That uses invoke (as you suggested) and a named function for the handler (doesn't have to be named, but I find that it's very helpful to have your functions have names). The handler is a closure. In the initialize function, I use a variable to point to this because the variable will then be available to the closure. (I called it self because that's a standard practice when aliasing this for this reason.) The handler makes use of Prototype's native functionality of setting this within an event handler to the element being observed. When we call validateEl via the closure's self reference, we're calling it as a member function as per normal, so within validateEl, this refers to the instance.

Speaking of named functions, your initialize and validateEl functions are both anonymous, which means on call stacks and such in debuggers, you'll just see "(?)" rather than a nice, handy name. I always recommend actual named functions; more here.

share|improve this answer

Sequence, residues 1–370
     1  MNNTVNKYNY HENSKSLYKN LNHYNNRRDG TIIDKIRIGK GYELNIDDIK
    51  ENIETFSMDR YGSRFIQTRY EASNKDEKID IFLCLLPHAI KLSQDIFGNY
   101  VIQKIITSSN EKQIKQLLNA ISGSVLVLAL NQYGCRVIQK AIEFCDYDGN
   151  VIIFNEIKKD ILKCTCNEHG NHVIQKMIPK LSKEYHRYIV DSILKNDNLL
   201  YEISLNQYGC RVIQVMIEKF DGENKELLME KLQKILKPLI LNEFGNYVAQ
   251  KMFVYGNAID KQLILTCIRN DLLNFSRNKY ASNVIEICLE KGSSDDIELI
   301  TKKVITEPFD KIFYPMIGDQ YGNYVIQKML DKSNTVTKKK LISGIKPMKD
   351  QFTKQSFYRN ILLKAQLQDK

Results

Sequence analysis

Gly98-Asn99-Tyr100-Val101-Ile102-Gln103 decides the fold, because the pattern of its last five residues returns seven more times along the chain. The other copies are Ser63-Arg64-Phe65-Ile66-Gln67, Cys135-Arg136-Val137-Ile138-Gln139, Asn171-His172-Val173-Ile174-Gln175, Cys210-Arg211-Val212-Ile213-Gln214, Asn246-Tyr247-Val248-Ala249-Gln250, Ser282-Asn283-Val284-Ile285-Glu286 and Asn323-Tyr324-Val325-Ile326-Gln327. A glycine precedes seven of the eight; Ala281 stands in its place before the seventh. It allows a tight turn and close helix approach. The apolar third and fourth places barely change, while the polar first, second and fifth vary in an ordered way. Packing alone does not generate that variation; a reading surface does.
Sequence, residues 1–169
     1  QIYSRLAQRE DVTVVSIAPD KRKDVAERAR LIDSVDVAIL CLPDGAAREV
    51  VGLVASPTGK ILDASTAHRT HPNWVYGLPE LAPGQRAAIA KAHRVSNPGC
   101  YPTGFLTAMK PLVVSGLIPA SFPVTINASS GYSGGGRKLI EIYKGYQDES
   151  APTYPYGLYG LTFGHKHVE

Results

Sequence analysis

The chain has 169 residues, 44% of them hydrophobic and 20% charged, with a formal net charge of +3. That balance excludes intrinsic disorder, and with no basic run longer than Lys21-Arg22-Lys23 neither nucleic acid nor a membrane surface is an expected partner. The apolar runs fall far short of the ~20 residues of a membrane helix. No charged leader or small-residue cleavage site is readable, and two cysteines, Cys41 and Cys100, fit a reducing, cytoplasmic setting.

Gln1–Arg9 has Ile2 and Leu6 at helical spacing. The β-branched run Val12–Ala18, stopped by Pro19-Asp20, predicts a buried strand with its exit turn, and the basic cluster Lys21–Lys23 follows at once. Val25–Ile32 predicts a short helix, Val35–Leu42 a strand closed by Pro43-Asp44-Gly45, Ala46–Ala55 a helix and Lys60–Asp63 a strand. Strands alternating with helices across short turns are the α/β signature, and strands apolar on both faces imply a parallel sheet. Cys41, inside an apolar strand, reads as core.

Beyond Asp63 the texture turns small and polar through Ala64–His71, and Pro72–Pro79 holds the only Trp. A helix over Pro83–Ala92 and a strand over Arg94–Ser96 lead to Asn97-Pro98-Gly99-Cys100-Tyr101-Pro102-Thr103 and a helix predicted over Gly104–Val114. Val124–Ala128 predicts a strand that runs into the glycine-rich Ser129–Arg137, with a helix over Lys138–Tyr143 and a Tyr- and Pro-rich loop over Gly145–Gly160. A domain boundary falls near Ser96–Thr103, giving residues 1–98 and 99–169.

thanks for the info on named functions, that's well worth considering. In your example though i presumably would have scope issues if i needed to call another function from within the class within the validateEl function unless i first declared self outside the class – seengee May 12 '10 at 10:46
    
@seengee: No, you could do that with standard this.foo notation. Within validateEl, this will refer to the instance, because of the way we called it. When you make a function call via a property, as with self.validateEl(...), it means "call validateEl and make this within the call equal to self". More here: blog.niftysnippets.org/2008/04/you-must-remember-this.html – T.J. Crowder May 12 '10 at 11:33
    
@seengee: I've updated the example to show that. – T.J. Crowder May 12 '10 at 11:43
    
@TJ - wow, thanks for all the detail. some really good information in there – seengee May 12 '10 at 11:46
    
@TJ - I may well use the other approach but i have learned a great deal from your answer so points to you :) – seengee May 12 '10 at 20:11